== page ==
Are Citibank, Merrill Lynch, and other institutions quietly getting out of the dollar, thereby making it even more worthless?

    Are the Fed rate cuts and oil speculation calculated to spur inflation so the financial institutions’ write-downs in the tens of billions of dollars are less costly?

    Would an attack on Iran and the attendant spike in oil prices tend to support even more inflationary pressure, dollar devaluation, and less-painful writedowns?

    Although petro profits are down temporarily, would a spike and new plateau in oil prices really hurt oil companies in the long run?

    Could we be seeing a massive market manipulation to bail out major financial institutions over the next few months, before some of the more catastrophic ARM revaluations (and attendant bankruptcies) take place between December and February?

    Would a scenario like this not put a major dent in the write-downs, by taking it out of the average American’s financial well-being by devaluing his/her single largest investment, a home, by 20%-40%; by devaluing his income on the global marketplace by 30%; by inflating the price of essential commodities like oil, gasoline, milk, wheat, corn by 60%?

    What are the alternatives? A run on America’s largest bank? Will the Tier-3 estimates scheduled for November 15 show that enough of America’s financial institutions are insolvent, and cause a huge international financial shock?

  14. JKB commented on Nov 5

    Perhaps the fall corn planters are some of the new “gentlemen” farmers with their brand new over-priced mini farm and apparently a huge amount of faith in global warming. Must be followers of Al Gore.

    While they may have a lot of faith in the climatologists, I would remind them these same “scientists” predicted a very active hurricane season in June, instead we got one of the quietest seasons on record and no rain in the SE.

  15. wunsacon commented on Nov 5

    Predicting the market’s short-term movements is more difficult than its long-term movements. No, JKB?

  16. The Dirty Mac commented on Nov 5

    Where does the overwhelming public support for heavily subsidizing the conversion of food into gasoline fit into all this?

    “A run on America’s largest bank?”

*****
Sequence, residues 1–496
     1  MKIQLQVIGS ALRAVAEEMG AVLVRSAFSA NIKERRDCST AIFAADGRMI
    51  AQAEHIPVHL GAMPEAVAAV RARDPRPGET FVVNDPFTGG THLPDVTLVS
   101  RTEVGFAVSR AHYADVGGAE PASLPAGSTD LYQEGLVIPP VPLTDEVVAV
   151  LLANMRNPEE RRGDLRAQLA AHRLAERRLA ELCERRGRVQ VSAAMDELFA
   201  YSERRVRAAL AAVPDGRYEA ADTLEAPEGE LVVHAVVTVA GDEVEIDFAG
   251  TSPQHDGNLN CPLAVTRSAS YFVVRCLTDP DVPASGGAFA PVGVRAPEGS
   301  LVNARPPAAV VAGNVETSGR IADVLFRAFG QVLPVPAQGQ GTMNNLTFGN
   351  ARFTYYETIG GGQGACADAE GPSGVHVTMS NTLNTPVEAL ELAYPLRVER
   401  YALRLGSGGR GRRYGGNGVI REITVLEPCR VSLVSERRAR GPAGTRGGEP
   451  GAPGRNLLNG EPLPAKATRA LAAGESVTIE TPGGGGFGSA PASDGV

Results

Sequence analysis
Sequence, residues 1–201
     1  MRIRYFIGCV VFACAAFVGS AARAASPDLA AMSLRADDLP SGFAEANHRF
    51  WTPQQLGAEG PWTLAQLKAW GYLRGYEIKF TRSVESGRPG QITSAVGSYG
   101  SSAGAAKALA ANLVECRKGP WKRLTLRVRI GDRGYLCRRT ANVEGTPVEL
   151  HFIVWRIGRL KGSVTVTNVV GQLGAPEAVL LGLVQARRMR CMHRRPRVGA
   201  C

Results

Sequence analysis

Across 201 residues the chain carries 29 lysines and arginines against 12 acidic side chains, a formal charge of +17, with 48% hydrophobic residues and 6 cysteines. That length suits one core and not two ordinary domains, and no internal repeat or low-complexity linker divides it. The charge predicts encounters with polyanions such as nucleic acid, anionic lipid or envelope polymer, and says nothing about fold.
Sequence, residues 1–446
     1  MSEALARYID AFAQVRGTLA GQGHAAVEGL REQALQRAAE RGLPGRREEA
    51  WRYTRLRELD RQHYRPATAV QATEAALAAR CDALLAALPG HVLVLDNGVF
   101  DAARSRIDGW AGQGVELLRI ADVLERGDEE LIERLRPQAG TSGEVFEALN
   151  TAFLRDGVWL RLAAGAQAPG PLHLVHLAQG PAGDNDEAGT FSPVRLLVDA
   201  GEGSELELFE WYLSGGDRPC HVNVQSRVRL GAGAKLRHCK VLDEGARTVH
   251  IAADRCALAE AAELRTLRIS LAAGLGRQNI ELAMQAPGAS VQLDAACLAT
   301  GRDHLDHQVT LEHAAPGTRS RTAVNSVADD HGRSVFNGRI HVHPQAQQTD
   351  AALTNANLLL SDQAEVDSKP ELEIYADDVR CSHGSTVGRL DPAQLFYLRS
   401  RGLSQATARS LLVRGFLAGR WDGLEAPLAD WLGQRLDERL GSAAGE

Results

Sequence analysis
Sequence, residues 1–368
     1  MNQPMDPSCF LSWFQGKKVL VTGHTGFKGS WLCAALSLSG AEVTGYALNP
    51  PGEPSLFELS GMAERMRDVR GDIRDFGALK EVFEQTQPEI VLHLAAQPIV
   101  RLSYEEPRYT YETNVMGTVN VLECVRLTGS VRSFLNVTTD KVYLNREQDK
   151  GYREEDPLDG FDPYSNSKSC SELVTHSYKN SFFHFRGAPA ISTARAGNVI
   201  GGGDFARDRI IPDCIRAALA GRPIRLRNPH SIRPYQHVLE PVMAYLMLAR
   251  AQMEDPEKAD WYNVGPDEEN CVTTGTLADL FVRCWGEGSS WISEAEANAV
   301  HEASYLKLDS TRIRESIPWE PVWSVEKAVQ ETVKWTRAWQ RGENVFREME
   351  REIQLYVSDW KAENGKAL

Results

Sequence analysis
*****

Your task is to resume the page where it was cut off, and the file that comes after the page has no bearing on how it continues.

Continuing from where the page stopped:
The George Bailey speech will be interesting.

  17. Peter Boockvar commented on Nov 5

    With the implied inflation rate in the 10 yr TIPS mkt now at almost 2.39%, the highest since July 9th, we get some inflation and $ talk from Fed Pres Mishkin. He is the 1st Fed member that I can remember that is finally publicly admitting that they must account for the weakness in the $ and its impact on inflation. The spike in commodity prices and drop in the $ after their 75bps in cuts and subsequent higher inflation expectations priced into TIPS, has put the Fed in this we can ‘never take eye off the inflation ball’ talk. The implied inflation rate was at 2.28% the day before the Fed cut 50 bps in Sept.

  18. squeezed commented on Nov 5

    Scientists are not in the hurricaine prediction business. This is the realm of meteorologists, who tend to be near-illiterate republicans.

    ” instead we got one of the quietest seasons on record and no rain in the SE.”


    And that wooshing noise was the sound of another basic scientific concept buzzing your dense noggin.

  19. mr obvious commented on Nov 5

    lewis, i dont think you want to be around when shorting inflation works! food and energy will be cheap but 75% of the earth’s population will have starved to death………..

  20. Camille commented on Nov 5


    This hurricane season’s ACE index puts this year’s activity at around average or slightly above average…I also wouldn’t trivialize two massive category 5 hurricanes. Enjoy living in your little world of denial while you still can.

  21. michael schumacher commented on Nov 5

    Add Mexican farmers to the list of corn producers. Early this year the PRI party decided it was going to get into the food biz and offered some pretty hefty subsidies to Agave farmers to plant corn instead of the Cactus used to produce Tequila.

    Acres of Agave no longer exist so that the stupid policy of using a food staple for fuel could be followed. Some large payouts occurred (to the large conglomerate farmer’s) and the Mexican economy (at least in Jalisco) will be paying the price as the infrastructure is based on processing cactus and not shipping corn product to be processed in other places.

    I bought shares in a well known tequila provider earlier this year……

    I still say that anyone who came up with the policy of using food for fuel should be….nevermind…would’nt matter anyway.


  22. tree commented on Nov 5

    Obviously the government needs to exclude more items from core inflation index.

  23. zao commented on Nov 5

    Peter Boockvar,
    He also said that the effect of dollar fall on inflation is not much. Paying lip service to inflation is all this Fed ever does.

  24. neil commented on Nov 5